Tate with the Museum of Modern Art, New York (MoMA), the San Francisco Museum of Modern Art (SFMOMA) and the nonprofit media-art center Bay Area Video Coalition (BAVC) is the recipient of a major gift of seminal video and new-media works from San Francisco-based contemporary art collectors Richard and Pamela Kramlich.
The Kramlich gift includes 21 works including some of the most important achievements in the field of media art from the last three decades. They represent a range of contemporary explorations in time-based art spanning 1970 to 1999 including works in various media – video, slides, film, audio, and computer-based installations – by artists broadly considered to be pioneers in film and video installation, such as Marina Abramovic, Vito Acconci, Dara Birnbaum, Marcel Broodthaers, Peter Campus, James Coleman, Valie Export, Dan Graham, Gary Hill, Beryl Korot, Bruce Nauman, Nam June Paik, Thomas Struth and Klaus vom Bruch, and Bill Viola. A younger generation of artists who have built upon the aesthetic groundwork of their predecessors, Eija-Liisa Ahtila, Doug Aitken, Matthew Barney, Stan Douglas, Steve McQueen, Diana Thater, and Keith Tyson, to name a few, is also represented in the gift.
Pamela Kramlich said:
We have been collecting these important works for years with the intention of sharing them with the public. We are thrilled that they can finally come out of storage and be properly showcased. Inviting world-class institutions such as MoMA, SFMOMA, and Tate to share in the stewardship of NATs holdings continues a cycle of collaboration that extends across the globe and will touch countless viewers worldwide.
The museums in the group are consortium members of the New Art Trust (NAT) founded by Pamela and Richard Kramlich in 1997 with the goal of advancing media arts through the support of research and scholarship in the field. The works included in todays announcement join 180 single-channel works the Kramlichs have given to NAT since its inception in 1997, making it one of the richest archives of media art in the world.
Works in the Kramlich Gift:
1. Marina Abramovic, Cleaning the Mirror #1, 1995; five-channel video installation with stacked monitors; dimensions 112 x 24 1/2 x 19 inches.
2. Vito Acconci, Pornography in the Classroom, 1975; video and projected-image installation with sound; dimensions variable.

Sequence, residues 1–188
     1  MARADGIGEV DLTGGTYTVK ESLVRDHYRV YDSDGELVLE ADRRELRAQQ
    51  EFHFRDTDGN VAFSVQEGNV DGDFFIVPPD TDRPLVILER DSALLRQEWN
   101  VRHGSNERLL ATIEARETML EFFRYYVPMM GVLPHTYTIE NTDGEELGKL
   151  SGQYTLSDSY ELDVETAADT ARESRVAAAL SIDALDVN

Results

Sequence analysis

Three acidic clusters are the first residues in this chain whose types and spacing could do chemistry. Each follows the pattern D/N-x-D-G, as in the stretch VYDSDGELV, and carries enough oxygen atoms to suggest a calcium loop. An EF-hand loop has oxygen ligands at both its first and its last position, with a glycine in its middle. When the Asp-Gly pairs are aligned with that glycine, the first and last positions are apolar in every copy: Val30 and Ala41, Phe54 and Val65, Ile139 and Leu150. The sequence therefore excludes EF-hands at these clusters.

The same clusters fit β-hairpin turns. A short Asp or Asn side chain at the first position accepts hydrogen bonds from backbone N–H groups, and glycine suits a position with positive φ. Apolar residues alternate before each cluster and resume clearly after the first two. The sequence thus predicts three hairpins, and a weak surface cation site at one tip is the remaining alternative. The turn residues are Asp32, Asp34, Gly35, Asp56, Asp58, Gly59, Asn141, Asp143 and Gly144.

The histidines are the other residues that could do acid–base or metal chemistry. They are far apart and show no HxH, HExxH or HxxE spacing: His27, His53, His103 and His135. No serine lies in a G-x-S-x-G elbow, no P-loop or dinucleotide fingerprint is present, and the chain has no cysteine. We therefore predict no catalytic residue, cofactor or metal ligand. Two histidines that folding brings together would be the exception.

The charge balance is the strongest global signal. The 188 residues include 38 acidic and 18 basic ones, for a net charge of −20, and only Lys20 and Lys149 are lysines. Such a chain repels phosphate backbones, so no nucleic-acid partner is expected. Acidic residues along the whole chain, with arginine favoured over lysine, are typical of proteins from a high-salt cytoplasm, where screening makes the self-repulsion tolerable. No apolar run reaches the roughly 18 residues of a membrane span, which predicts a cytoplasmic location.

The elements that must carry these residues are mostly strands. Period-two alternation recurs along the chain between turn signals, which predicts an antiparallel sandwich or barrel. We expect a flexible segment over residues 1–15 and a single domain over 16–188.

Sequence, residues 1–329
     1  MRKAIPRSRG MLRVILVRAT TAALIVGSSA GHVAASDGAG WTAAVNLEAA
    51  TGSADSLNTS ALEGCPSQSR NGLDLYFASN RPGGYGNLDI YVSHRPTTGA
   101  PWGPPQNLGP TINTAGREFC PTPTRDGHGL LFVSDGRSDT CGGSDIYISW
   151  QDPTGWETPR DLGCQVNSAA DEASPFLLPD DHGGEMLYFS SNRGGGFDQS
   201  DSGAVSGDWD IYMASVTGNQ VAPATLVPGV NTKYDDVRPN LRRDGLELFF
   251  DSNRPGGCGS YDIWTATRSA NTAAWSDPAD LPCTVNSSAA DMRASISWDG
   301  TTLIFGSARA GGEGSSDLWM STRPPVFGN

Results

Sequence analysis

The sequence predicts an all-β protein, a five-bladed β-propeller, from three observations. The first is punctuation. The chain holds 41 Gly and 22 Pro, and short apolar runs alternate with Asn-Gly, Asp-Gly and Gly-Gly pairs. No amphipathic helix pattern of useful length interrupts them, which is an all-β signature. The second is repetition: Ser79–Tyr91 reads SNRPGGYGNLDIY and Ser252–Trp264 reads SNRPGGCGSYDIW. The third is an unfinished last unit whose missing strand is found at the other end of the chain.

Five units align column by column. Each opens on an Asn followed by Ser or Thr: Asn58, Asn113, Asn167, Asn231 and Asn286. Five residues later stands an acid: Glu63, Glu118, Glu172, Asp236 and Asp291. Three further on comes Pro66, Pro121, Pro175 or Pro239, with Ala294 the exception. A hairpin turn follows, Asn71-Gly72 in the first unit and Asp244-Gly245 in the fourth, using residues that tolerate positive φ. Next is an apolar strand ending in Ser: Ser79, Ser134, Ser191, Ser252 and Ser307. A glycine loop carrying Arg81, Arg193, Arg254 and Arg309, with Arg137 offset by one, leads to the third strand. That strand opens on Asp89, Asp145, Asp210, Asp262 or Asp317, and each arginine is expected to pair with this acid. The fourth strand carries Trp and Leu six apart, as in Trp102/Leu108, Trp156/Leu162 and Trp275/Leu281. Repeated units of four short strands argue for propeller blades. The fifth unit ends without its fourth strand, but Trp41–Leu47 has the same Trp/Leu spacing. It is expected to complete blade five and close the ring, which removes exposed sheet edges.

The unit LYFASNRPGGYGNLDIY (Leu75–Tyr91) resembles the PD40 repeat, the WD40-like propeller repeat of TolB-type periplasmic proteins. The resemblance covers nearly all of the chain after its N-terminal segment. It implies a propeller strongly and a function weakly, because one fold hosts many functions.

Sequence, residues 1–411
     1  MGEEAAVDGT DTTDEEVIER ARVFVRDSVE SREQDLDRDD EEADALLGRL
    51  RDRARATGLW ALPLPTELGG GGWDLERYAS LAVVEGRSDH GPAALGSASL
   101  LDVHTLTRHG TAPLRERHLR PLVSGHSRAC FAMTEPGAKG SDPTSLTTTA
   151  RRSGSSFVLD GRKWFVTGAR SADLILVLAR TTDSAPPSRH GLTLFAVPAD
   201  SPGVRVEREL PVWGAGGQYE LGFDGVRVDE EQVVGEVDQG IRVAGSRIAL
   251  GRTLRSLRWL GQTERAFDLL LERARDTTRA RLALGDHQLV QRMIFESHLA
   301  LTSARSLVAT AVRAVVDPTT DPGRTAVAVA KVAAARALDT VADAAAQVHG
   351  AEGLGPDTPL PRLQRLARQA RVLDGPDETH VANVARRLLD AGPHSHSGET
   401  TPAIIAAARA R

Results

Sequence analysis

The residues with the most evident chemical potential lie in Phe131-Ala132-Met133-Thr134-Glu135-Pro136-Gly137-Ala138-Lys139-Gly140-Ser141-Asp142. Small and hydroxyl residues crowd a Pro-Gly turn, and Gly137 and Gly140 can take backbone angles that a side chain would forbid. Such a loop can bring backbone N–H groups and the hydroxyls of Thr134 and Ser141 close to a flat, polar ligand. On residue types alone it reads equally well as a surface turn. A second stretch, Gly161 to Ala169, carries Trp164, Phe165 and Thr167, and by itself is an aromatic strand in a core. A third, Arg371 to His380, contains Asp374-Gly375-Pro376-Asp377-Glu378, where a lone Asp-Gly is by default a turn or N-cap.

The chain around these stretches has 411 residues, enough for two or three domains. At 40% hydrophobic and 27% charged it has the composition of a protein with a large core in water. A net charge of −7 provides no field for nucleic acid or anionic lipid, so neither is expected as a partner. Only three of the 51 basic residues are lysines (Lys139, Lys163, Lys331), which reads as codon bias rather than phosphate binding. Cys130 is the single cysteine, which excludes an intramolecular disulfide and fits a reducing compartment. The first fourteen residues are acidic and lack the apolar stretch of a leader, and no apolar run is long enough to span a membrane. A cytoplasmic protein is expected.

3. Eija-Liisa Ahtila, Anne, Aki & God, 1998; seven-channel video installation with sound; dimensions variable.
4. Doug Aitken, Eraser (linear version), 1997; single-channel video installation; dimensions variable.
5. Matthew Barney, Scabaction, 1988; single-channel video and 12 mixed-media drawings; dimensions variable, each drawing 5 x 6 1/2 inches.
6. Dara Birnbaum, Attack Piece, 1975; two-channel video installation with sound; dimensions variable.
7. Marcel Broodthaers, Fig. 0, Fig. 1, Fig. 2, Fig A (Example G), 1971; five 16mm films and 62-x-81-inch canvas cinema screen.
8. Peter Campus, Interface, 1972; single-channel video installation; dimensions variable.
9. James Coleman, Photograph, 1998/99; single-channel video installation with sound; dimensions variable.
10. Stan Douglas, Hors-Champs, 1992; two-channel video installation with sound; dimensions variable.
11. Valie Export, Autohypnose (Auto Hypnosis), 1969/73; video action/interactive video installation; dimensions variable.
12. Dan Graham, Body Press, 1970/72; 16mm film installation; dimensions variable.
13. Gary Hill, Cut Pipe, 1992; video installation with sound; dimensions variable.
14. Beryl Korot, Dachau 1974, 1974; four-channel video installation; dimensions variable.
15. Steve McQueen, Just Above My Head, 1996; 16mm film transferred to video.
16. Bruce Nauman, Raw Material OK, OK, OK, 1990; two-channel video installation with sound; dimensions variable.
17. Nam June Paik, TV Buddha, 1989; single-channel video and mixed-media installation; dimensions variable.
18. Thomas Struth and Klaus vom Bruch, Berlin-Project, 1997; four-channel video installation with sound; dimensions variable.
19. Diana Thater, Surface Effect, 1997; two-channel video installation; dimensions variable.